Europe, Middle East & Africa (EMEA)

 


2018

2017

Constant currency


£m

£m

Revenue

668.2

737.2

-8%

Underlying operating profit

39.7

53.3

-24%

Underlying operating margin

5.9%

7.2%


Order book - next 12 months*

242.8

264.1

-8%

* Comparative order book stated at constant currency

 

In EMEA, constant currency revenue decreased by 8% and underlying constant currency operating profit decreased by 24%.  The underlying operating margin decreased from 7.2% to 5.9%.

 

This significantly lower result is, as previously flagged, the consequence of two large projects coming to an end in the first half of 2018, including the Caspian project. The completion of these contracts resulted in a benefit to 2018 of £16m compared to the full year benefit in 2017 of £45m. Excluding the effect of these significant individual projects, the underlying EMEA performance improved considerably in 2018.

 

All our core businesses in continental Europe continued to benefit from a sound market environment and, as such, performed well. South East Europe recorded another record year. Our operations in Germany continued to grow on the basis of ongoing high demand and extended product offerings.

 

The UK, representing only 3% of overall group revenue, experienced a generally hesitant commercial investment climate. However as major infrastructure projects are developing in the UK, including HS2, we expect the market for geotechnical work to pick up noticeably towards the end of 2019, extending well into 2020 and 2021.

 

Our operations in the Middle East experienced a relatively quiet year following the completion of large projects in Abu Dhabi and Egypt.  New projects continue to develop slowly resulting in lower utilisation in the second half of 2018. We have secured some new projects in the region and, on the basis of improving fundamentals, we see the prospects for the Middle East as positive.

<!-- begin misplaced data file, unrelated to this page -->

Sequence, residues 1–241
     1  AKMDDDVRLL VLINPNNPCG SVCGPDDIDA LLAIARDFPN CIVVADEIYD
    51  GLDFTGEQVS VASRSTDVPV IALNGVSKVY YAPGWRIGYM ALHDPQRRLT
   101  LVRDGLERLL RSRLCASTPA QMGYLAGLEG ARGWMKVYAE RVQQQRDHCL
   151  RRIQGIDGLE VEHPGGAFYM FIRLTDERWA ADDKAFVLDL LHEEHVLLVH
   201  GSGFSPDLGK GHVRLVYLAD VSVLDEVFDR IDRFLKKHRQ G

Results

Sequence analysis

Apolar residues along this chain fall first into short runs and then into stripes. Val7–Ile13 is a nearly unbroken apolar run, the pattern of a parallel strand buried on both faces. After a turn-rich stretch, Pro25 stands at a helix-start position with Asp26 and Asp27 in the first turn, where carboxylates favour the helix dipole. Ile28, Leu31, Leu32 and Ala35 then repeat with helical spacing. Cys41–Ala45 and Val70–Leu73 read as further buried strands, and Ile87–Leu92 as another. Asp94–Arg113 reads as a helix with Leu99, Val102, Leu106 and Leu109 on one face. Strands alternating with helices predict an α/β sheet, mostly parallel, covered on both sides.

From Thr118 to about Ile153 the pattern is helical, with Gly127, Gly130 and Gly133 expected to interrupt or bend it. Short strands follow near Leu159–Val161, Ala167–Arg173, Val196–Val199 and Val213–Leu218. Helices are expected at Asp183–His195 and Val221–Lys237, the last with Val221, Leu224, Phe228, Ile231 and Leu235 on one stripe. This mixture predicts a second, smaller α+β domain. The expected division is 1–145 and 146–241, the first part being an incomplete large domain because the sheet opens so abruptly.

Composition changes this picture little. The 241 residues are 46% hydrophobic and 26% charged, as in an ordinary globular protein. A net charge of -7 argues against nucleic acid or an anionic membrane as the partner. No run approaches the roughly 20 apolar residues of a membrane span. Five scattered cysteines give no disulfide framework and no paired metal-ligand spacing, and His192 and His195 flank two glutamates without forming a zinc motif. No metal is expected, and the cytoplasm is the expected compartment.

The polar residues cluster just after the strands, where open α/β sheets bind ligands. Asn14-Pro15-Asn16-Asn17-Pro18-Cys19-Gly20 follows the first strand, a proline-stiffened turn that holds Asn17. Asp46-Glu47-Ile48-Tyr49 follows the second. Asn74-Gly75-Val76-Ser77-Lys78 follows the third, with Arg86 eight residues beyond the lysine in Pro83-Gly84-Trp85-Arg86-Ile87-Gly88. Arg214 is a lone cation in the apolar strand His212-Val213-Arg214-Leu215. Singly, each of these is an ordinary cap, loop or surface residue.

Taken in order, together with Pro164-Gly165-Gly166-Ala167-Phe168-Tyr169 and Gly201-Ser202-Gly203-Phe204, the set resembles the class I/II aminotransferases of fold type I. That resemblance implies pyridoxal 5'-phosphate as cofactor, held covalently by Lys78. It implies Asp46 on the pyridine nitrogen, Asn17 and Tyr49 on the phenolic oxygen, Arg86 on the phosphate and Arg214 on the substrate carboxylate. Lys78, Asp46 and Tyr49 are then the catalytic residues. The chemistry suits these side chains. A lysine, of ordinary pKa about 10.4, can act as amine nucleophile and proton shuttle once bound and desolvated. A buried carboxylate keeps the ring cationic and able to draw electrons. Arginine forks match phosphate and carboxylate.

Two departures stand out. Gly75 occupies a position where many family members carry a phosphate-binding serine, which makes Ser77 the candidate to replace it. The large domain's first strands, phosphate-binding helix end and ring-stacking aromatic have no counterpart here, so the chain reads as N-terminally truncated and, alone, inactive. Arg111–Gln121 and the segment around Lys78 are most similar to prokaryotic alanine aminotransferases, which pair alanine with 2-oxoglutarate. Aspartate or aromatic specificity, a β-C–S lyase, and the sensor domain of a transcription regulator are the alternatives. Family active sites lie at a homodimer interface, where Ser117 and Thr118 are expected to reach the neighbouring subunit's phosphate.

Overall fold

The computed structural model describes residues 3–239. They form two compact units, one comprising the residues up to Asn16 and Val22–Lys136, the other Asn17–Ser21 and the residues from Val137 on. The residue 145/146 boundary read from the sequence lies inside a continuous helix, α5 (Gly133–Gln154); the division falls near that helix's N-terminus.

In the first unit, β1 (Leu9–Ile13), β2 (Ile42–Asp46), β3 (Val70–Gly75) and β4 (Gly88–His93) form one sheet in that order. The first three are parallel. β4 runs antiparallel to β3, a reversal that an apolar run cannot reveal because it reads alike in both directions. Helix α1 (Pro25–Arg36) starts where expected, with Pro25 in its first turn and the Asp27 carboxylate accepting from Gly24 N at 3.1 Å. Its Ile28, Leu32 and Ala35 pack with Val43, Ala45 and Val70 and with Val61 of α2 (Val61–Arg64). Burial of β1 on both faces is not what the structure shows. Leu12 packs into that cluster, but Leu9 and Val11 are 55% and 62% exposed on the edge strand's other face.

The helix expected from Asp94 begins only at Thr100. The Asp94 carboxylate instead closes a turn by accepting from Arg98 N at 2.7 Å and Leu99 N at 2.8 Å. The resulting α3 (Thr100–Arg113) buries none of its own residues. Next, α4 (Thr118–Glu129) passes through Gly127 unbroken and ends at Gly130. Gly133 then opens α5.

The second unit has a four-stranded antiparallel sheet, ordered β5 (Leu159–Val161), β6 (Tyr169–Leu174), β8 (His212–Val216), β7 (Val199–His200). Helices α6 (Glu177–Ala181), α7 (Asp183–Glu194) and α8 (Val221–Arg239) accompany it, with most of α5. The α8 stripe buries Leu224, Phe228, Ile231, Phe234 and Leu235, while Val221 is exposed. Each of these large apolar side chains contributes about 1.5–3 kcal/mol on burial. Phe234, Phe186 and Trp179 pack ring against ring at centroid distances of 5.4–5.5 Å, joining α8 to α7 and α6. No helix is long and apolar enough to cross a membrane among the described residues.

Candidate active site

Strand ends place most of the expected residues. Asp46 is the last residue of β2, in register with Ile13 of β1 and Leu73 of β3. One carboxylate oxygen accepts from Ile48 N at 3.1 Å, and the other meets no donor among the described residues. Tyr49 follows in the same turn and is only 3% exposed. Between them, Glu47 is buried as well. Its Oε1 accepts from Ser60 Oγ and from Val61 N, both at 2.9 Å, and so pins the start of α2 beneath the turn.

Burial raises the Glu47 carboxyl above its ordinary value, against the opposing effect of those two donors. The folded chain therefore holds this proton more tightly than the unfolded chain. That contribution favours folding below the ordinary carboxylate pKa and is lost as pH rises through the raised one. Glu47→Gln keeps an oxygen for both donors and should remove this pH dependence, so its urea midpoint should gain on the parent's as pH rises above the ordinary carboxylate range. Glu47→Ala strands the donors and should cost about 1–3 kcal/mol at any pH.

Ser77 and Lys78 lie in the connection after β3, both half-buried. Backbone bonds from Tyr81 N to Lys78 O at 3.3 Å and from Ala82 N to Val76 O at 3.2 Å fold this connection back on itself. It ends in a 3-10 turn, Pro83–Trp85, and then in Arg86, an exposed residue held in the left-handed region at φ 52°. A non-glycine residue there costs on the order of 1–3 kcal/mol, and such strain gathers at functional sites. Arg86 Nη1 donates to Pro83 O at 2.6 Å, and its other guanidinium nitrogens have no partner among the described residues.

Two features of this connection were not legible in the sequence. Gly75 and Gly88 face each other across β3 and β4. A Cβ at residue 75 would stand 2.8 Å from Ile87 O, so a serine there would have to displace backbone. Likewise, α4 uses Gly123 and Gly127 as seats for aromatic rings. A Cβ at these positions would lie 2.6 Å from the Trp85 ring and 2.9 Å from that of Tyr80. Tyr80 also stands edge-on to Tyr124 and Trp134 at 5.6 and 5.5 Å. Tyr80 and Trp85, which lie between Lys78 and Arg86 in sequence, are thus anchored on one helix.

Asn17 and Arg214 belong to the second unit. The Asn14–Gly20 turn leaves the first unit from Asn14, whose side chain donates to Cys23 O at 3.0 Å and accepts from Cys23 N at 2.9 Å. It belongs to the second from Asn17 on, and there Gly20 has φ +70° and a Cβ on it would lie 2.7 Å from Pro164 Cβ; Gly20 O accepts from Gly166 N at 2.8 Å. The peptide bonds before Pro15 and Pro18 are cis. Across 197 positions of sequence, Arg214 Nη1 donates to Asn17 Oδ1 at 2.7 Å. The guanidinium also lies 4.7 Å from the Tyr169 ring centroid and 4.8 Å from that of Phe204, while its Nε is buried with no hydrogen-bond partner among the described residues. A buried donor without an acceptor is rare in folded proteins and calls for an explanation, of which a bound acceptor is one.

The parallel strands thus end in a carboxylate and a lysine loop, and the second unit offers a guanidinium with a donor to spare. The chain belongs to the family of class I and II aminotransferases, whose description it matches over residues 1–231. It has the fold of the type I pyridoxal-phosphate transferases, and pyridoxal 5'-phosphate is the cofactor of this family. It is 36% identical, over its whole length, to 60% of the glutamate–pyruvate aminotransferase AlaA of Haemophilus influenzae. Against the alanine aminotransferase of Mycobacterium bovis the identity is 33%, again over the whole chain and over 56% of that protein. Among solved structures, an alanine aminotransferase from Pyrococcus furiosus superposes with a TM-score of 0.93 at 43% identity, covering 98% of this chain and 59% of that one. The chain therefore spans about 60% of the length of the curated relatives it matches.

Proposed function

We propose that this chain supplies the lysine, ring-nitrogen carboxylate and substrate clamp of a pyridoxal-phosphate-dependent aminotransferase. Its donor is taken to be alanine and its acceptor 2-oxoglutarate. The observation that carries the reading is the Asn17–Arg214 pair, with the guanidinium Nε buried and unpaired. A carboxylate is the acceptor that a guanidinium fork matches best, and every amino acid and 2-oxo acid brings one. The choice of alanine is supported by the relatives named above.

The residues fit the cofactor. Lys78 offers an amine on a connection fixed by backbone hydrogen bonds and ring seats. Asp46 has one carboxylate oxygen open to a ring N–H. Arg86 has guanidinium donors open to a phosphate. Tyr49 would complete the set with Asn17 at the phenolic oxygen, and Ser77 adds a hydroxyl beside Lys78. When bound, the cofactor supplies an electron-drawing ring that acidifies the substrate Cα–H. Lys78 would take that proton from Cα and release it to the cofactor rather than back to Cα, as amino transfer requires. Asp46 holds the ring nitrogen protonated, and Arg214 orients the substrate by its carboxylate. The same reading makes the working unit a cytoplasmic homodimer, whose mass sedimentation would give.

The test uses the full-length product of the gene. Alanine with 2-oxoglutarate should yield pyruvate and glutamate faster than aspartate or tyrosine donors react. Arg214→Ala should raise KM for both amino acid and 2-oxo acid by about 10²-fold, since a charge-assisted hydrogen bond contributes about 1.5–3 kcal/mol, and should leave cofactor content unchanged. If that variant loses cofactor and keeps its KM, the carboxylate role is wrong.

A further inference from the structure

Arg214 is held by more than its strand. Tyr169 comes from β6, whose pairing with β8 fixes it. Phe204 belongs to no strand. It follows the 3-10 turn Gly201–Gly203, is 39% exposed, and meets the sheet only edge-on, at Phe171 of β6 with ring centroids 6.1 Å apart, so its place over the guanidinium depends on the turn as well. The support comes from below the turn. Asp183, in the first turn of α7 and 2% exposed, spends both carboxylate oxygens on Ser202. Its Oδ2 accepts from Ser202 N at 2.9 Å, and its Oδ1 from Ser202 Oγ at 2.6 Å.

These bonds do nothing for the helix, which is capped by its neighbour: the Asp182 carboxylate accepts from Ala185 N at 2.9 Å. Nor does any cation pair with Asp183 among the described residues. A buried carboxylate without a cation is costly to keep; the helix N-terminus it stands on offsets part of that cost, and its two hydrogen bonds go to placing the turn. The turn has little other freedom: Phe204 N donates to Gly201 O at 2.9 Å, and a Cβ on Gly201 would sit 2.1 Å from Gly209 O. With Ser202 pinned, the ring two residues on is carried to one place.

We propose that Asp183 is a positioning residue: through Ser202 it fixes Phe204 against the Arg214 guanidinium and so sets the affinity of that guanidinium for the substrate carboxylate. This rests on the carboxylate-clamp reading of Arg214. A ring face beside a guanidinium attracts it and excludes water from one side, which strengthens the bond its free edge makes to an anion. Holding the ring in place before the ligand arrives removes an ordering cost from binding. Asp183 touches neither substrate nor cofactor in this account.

Our French Speaking Countries business unit performed solidly, helped by good project performance in the Maghreb region.  Our geotechnical portfolio of near-shore marine solutions, stone columns to mitigate liquefaction and a range of piling solutions, has secured some interesting projects particularly in Morocco and Algeria.  The French domestic market was characterised by good demand around Paris leading to niche opportunities across the country.

 

Brazil and South Africa both experienced a difficult year reflecting their geo-political and macroeconomic environments.  Both countries suffered heavy margin pressure requiring us to substantially adapt our local capacity.  We have taken proactive measures to scale back our operations and, as a result, to maintain bidding discipline.  The challenges in South Africa have been compensated to an extent via our strong presence in the Sub-Saharan region.  We continue to carefully watch the development of the geopolitical situation in Brazil and will respond appropriately to developments.

 

The year-end EMEA order book of work to be undertaken over the next twelve months, while at a healthy level, was around 8% down on this time last year reflecting the run-off of the large projects. Excluding these, it was 4% down and overall represents a healthy level.